The "disaster" is not that Facebook is scanning messages:  it's well-known (and probably well-accepted) that Gmail does that; others do that.  Though that is certainly a concern of many, it isn't a concern of aforementioned (aforelinked?) Drew Olanoff.  His concern is that Facebook is interpreting an action within a "private" message, and then taking a public action.  Mr. Olanoff correctly asserts that this is not made okay by the anonymity with which the public action is taken.  I agree, but I don't feel any better if I publicly post something on Facebook and that gets added to a Like counter.  What I mind is that Facebook's action is an automatic action based on my action, and a bad one.  Maybe I only mind that it's bad.

I should also point out that drawing a line between "private messages" and everything-else-on-Facebook is a bit silly.  Lots of people limit the visibility on their Facebook posts, making this a false dichotomy.

Further Notes:

The consequences of Like counters being counted the way they are are minimal.  I don't see how this could cause a great deal of damage.  It's upsetting, though, that Facebook sets stuff up this way.  It's stupid, and who does it help?  Well, publishers of websites who want to trick their readers, but we, the readers of websites, can all fight back by not being tricked, by knowing about how the Like counter actually works and by knowing about Like fraud, which Facebook is working to remove (while also engaging in it by not getting rid of this system that inflates Like numbers).  It won't do any good, but we can try.

If Facebook's goal is to properly represent the number of lowercase "l" likes of a web page, why not just double the number?  Triple it even, for good measure.  Just be transparent about it, so we can divide by three.

I like Inside Facebook's comparison to site visitor widgets, though I think there is a difference:  when you see a site visitor widget, you know people might have come to that site for different reasons, though you might not think about it, making site visitor widgets perhaps a little deceitful, and more importantly, Like counters on websites are much more so for the reasons I've outlined in this post; Inside Facebook touches on them too:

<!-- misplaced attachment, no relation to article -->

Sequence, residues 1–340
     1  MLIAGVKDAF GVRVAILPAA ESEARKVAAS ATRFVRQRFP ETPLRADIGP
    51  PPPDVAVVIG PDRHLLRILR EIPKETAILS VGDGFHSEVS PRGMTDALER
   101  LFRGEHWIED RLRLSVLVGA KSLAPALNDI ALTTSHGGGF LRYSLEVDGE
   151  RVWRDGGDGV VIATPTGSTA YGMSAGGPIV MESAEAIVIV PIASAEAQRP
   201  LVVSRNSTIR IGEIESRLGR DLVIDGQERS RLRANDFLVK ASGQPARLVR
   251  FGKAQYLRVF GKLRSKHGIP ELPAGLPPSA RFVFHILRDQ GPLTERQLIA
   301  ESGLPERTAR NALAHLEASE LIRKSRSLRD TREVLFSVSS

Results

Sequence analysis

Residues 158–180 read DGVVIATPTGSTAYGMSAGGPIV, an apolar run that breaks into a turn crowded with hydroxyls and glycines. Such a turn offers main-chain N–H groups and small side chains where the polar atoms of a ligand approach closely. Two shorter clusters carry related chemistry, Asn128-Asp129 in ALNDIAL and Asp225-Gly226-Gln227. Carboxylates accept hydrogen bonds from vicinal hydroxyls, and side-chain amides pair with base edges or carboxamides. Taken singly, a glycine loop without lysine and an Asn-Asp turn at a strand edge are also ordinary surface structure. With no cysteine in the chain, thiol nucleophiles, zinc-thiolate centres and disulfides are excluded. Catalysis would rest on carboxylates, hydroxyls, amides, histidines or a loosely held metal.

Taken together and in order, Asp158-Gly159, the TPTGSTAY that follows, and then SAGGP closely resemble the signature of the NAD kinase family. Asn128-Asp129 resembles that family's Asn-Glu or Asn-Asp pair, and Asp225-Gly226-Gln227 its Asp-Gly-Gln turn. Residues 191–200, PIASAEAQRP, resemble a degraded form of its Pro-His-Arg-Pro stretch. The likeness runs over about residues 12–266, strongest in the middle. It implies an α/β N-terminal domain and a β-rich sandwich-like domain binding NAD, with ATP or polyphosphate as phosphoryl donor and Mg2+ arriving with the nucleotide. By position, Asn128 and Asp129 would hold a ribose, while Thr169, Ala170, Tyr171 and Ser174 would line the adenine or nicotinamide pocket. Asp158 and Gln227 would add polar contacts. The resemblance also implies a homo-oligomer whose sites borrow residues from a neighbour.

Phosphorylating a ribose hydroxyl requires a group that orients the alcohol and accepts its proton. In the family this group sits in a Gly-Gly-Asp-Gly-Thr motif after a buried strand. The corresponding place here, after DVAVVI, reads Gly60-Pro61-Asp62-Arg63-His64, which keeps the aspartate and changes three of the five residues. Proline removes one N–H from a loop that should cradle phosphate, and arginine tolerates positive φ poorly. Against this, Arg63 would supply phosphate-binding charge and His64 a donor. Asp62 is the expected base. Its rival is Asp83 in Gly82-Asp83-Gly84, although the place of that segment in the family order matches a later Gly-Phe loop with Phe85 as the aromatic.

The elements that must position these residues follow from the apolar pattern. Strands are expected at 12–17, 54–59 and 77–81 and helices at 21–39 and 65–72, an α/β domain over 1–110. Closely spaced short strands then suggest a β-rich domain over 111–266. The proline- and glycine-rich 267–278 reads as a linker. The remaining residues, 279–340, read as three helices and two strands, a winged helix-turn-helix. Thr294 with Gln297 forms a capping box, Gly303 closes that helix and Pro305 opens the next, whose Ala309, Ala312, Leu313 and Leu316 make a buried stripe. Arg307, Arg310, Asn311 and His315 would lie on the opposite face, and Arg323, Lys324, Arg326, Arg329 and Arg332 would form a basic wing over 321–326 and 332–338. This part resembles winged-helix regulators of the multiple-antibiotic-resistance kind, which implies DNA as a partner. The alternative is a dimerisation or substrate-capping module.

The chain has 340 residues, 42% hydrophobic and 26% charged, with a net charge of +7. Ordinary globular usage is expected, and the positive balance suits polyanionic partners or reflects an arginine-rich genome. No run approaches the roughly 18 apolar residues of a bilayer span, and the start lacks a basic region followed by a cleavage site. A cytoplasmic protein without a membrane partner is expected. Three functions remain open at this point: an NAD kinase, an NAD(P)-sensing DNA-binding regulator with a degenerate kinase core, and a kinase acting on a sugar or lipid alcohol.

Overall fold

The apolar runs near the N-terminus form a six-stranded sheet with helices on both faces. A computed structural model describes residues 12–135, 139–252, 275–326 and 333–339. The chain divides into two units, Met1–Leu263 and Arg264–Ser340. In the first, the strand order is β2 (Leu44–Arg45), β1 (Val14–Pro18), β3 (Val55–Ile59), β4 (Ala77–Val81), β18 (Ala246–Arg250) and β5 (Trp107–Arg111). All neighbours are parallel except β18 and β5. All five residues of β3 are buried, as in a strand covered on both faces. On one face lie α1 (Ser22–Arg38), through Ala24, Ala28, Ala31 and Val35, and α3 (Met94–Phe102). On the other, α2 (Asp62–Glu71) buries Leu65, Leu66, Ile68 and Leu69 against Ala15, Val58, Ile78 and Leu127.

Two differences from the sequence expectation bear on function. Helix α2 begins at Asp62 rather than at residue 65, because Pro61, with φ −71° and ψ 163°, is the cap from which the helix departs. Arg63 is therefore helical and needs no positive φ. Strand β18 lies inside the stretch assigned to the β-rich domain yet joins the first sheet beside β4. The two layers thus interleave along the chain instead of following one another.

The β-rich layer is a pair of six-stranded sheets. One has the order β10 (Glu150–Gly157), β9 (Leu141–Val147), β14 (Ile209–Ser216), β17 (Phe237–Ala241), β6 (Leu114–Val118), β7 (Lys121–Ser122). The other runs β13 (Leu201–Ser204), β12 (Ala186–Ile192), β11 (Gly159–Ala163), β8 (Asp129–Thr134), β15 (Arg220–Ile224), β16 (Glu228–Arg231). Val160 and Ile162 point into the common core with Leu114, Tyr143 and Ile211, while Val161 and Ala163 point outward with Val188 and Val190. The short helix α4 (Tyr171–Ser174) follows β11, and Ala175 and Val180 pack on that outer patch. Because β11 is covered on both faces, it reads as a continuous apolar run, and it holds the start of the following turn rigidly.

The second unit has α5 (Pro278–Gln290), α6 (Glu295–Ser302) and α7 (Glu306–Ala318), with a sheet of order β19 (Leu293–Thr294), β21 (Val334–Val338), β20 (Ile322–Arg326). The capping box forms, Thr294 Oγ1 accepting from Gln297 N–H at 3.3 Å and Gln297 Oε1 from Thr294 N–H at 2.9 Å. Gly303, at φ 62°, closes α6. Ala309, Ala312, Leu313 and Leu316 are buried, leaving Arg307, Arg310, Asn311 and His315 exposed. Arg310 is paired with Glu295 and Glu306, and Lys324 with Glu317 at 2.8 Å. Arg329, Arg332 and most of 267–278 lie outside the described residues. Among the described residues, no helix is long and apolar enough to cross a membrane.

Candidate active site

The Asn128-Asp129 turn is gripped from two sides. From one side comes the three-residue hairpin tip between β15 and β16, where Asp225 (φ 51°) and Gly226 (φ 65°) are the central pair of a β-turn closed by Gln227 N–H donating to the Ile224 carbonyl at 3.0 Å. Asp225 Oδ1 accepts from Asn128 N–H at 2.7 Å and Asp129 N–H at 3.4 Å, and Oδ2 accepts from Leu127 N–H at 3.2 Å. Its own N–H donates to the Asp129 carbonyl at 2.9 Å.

"Some people [have] taken issue with Facebook adding private shares to the public total for a link, though we see this as similar to site visitor widgets, which increase whenever a user visits a webpage but do not reveal who visited. Even if the privacy implications are minimal, there is the matter of all these actions being combined under the 'Like' or 'Recommend' wording, which suggests positive feelings, even though some users might have shared a link that they disagreed with [or] wanted to talk about for reasons besides recommending it…"

Read this Reuters article about Facebook and other sites scanning for sexual predators.

I am not sure what will happen if one sends a Facebook message with a link in it and then closes out the thumbnail that auto-generates.  This may not count as sending the link as an attachment.

Here's Facebook's documentation, again, on what makes up the Like counter numbers:

  • "The number of likes of this URL
  • The number of shares of this URL (this includes copy/pasting a link back to Facebook)
  • The number of likes and comments on stories on Facebook about this URL
  • The number of inbox messages containing this URL as an attachment."

I should clarify, and by clarify, I mean speculate, that the number of "comments on stories," for example, does not necessarily increase a Like counter number by one per comment.  There's an open question of how much Facebook is inflating numbers.  Your guess is as good as mine.

I've got to call out Gizmodo (and I hate to say it, but Lifehacker too, another Gawker Media blog) for putting the Like button for their site in just such a location that it looks like it's the Like button for the currently open article.  Sneaky.

Comments below (if you're on this post's page).  I use DISQUS, not Facebook Comments, so they won't be counted as Likes.

That last sentence was a joke; I don't know if comments on Facebook's commenting platform have this behavior; they might.